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Hoffmann, R. A wiki for the life sciences where authorship matters. Nature Genetics (2008)

The phosphorylation of a putative sperm microtubule-associated protein 2 (MAP2) is uniquely sensitive to regulation.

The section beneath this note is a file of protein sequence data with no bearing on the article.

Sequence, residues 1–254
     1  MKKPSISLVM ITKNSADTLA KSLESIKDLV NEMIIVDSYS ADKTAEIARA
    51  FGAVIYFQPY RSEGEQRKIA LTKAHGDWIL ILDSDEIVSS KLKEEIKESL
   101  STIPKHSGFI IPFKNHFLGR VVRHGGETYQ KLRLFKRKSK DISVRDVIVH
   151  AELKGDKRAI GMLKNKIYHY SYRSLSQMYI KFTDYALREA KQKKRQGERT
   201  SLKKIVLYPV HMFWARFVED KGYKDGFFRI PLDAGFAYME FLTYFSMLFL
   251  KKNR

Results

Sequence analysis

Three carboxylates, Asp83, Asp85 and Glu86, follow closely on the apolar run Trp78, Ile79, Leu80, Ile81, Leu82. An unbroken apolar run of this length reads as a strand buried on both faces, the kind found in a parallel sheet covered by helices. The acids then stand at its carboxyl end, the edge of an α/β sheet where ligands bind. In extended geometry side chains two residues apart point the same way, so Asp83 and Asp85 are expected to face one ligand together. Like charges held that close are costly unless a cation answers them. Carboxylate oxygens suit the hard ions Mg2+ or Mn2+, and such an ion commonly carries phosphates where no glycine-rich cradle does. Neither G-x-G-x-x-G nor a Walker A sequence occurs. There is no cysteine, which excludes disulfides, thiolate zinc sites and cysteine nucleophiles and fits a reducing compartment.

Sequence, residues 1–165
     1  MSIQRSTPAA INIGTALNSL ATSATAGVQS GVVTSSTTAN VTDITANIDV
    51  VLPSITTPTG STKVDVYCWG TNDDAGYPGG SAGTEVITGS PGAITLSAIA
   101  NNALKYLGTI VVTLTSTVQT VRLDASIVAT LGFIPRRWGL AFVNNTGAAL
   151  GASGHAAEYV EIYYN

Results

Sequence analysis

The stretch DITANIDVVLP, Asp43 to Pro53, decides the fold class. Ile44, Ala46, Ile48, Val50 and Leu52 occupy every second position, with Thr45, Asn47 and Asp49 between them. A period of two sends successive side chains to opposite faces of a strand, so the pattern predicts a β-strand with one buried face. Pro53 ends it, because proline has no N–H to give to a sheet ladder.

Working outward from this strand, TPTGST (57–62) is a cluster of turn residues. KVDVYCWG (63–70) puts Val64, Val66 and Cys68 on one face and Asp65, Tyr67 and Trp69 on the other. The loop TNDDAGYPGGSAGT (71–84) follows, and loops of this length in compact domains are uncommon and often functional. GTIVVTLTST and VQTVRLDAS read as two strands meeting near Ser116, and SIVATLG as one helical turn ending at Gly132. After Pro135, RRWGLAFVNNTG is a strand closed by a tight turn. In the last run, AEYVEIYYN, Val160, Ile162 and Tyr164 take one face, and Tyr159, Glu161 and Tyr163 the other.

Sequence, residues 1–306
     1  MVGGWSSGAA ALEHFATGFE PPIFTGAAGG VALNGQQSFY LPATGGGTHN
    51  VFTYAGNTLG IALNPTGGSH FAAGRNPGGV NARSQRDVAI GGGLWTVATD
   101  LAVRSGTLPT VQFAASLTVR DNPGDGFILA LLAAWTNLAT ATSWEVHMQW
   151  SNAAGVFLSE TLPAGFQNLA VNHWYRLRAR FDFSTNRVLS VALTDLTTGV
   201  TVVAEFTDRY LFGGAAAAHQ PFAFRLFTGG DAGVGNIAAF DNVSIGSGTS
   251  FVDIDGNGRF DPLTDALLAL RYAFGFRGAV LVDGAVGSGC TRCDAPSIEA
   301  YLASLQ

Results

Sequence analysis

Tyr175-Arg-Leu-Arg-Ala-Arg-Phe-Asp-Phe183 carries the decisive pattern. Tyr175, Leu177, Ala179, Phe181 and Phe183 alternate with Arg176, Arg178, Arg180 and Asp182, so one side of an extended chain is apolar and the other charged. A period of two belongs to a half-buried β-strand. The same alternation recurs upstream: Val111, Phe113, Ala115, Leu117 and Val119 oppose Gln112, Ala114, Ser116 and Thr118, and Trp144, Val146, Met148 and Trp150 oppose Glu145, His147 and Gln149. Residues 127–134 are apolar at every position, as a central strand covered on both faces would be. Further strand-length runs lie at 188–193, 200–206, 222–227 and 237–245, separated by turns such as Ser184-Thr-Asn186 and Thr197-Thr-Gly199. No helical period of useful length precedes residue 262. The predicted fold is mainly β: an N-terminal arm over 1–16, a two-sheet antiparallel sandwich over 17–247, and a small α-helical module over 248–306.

We have identified a bovine sperm phosphoprotein, pp255 (Mr = 255,000), which reacts strongly and specifically with an antibody to rat brain microtubule-associated protein 2 (MAP2). The phosphorylation state of this putative sperm MAP2 in intact bovine epididymal sperm is uniquely sensitive to regulation by intracellular pH (pHi), calcium, isobutyl-3-methylxanthine (MIX), H-8, and fluoride. Increasing pHi by approximately 0.4 units or exposure to calcium (0.1 microM with the ionophore A23187) or to the protein kinase inhibitor, H-8, decreases sperm MAP2 phosphorylation. Decreasing sperm pHi or exposure to MIX or fluoride increases MAP2 phosphorylation. Numerous other detectable sperm phosphoproteins are either unresponsive to most of these modulators or are considerably less sensitive to them. This phosphoprotein co-sediments with the particulate sperm heads during subcellular fractionation, and is not detectable in other sperm fractions. Two-dimensional electrophoresis separates sperm MAP2 into multiple species, indicative of varying degrees of phosphorylation. Sperm MAP2 is phosphorylated on serine residues, changes electrophoretic mobility slightly on one-dimensional gels with changes in phosphorylation levels, and exhibits the highest specific radioactivity of any sperm phosphoprotein observed. The phosphorylation state of sperm MAP2 can be uncoupled from sperm motility levels under several conditions. The co-localization of sperm MAP2 with the head fraction and the unique sensitivity of its phosphorylation level to modulators, which are known to regulate capacitation and the acrosome reaction, suggest that sperm MAP2 phosphorylation may be an intermediate step in the regulation of one or both of these sperm processes.[1]


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